Flight of the Red Balloon
Flight of the Red Balloon enjoyed its Wisconsin premiere at the Orpheum Theatre on Sunday afternoon, during the Wisconsin Film Festival. Judging by the outbreak of applause at the end of the screening, the festival audience enjoyed it right back.
Out of respect for those who enjoyed the movie, and for those who might one day enjoy the movie, I would advise you to stop reading right now and go read something else. I'm inserting 21 hard breaks here as an added buffer against the possibility my own reaction to the movie might offend your sensibilities; consider yourself cautioned.
Flight of the Red Balloon may be the worst movie I've ever seen. I hedge because it has been more than 30 years since I made the awful mistake of sitting through War of the Zombies, a 1964 Italian production that has until now been the worst movie I've ever seen, and it would be unfair of me to make this call without going back and suffering through it again.
But this homage to Albert Lamorisse's 1956 classic The Red Balloon is so bad that it is difficult to avoid employing the adjectival and noun forms of the most familiar words found in the Abridged Dictionary of Expletives.
I was predisposed to like this movie for several reasons. One, it stars Juliette Binoche, whose acting has never disappointed me. Two, this is a French production directed by a Taiwanese director, and I've found European and Asian movies rewarding time after time. Three, the two principal supporting cast members -- Simon Iteanu as the young son of Binoche's character, and Song Fang as his nanny -- both have innate, engaging appeal. Four, it is set in Paris, one of my all-time favorite cities.
But the film does next to nothing with this cast. The narrative thread of the movie is so thin as to pull apart in the slightest breeze. It is as if director Hou Hsiao Hsien has pointed the cameras at the actors and gone wandering away from the set, leaving the cast to figure out what to do with themselves. Nothing of any real significance occurs. I felt like I was watching two hours of the most mundane lives imaginable. The only reason I sat all the way through it is because I kept thinking some insight into the human condition would be revealed, that the movie would redeem itself with some revelation during its denouement.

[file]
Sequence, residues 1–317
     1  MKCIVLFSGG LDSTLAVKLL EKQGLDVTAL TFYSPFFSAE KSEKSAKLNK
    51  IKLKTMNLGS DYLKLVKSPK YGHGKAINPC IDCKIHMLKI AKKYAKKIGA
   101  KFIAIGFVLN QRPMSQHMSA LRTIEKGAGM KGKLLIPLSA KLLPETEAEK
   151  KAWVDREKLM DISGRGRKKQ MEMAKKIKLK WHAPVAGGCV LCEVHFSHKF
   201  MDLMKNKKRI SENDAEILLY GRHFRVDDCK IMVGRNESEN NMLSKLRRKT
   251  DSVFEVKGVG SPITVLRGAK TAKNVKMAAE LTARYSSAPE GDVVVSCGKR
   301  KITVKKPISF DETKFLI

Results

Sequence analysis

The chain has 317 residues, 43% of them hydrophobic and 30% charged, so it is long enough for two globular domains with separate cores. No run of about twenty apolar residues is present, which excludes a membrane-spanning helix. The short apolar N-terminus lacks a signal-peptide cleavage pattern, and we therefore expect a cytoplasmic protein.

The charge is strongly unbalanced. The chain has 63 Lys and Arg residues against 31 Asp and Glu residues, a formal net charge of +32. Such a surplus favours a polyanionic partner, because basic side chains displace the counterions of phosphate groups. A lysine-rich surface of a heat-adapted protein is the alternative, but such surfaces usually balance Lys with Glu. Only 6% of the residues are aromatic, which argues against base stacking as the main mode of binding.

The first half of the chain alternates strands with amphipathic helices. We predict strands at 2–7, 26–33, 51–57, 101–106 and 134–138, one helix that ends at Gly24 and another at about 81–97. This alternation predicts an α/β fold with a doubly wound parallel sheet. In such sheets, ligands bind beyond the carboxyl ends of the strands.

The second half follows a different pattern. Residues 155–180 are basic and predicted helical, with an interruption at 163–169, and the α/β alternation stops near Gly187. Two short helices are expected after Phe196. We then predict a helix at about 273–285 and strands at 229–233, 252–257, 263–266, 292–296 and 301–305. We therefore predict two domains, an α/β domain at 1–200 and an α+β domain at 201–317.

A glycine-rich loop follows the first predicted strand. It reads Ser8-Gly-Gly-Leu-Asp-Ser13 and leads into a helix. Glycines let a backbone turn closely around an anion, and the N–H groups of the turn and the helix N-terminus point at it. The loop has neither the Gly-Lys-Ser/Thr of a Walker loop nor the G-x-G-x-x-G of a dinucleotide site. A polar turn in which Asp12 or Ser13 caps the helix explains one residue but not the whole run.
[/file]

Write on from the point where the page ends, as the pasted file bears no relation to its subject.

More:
Instead, nothing. No payoff. Not even the red balloon itself works as anything resembling a metaphor. Instead, it shows up at various points in the movie, floating over the rooftops of Paris, following the young boy and his nanny, even appearing outside the windows of the apartment where much of the movie takes place -- casting a kind of ominous sense of surveillance that calls to mind the big creepy white balloon thingy that repeatedly hunted down and pacified Patrick McGoohan's title character in the 1960s British series The Prisoner.
I came away from Flight of the Red Balloon feeling the kind of furious aggravation one feels when one squanders two hours that might have been spent on something -- anything -- productive or enjoyable. It's my fault for sitting all the way through Flight of the Red Balloon when I could have walked out. For this, I take full responsibility. And it must be noted that several critics I respect and admire -- including J. Hoberman of The Village Voice (who called it "a movie of genius"), Entertainment Weekly's Lisa Schwarzbaum and Manohla Dargis of The New York Times -- gave Flight of the Red Balloon high marks. But I despise this movie to such a degree that for the rest of my life I'm liable to stick a pin into any red balloon that comes close enough to reach, and take enormous pleasure in the revenge of popping it.